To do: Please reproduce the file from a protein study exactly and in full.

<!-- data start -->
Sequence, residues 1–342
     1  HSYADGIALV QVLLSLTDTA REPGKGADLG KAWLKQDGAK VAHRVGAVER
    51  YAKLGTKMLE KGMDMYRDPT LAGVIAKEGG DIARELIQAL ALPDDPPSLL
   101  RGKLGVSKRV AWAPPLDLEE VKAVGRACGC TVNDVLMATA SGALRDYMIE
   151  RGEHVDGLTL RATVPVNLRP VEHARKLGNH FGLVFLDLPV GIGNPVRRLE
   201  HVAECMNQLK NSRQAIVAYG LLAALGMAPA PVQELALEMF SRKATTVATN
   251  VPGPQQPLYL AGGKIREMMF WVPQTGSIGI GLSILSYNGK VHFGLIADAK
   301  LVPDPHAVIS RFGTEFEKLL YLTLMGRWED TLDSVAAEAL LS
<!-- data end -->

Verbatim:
Sequence, residues 1–342
     1  HSYADGIALV QVLLSLTDTA REPGKGADLG KAWLKQDGAK VAHRVGAVER
    51  YAKLGTKMLE KGMDMYRDPT LAGVIAKEGG DIARELIQAL ALPDDPPSLL
   101  RGKLGVSKRV AWAPPLDLEE VKAVGRACGC TVNDVLMATA SGALRDYMIE
   151  RGEHVDGLTL RATVPVNLRP VEHARKLGNH FGLVFLDLPV GIGNPVRRLE
   201  HVAECMNQLK NSRQAIVAYG LLAALGMAPA PVQELALEMF SRKATTVATN
   251  VPGPQQPLYL AGGKIREMMF WVPQTGSIGI GLSILSYNGK VHFGLIADAK
   301  LVPDPHAVIS RFGTEFEKLL YLTLMGRWED TLDSVAAEAL LS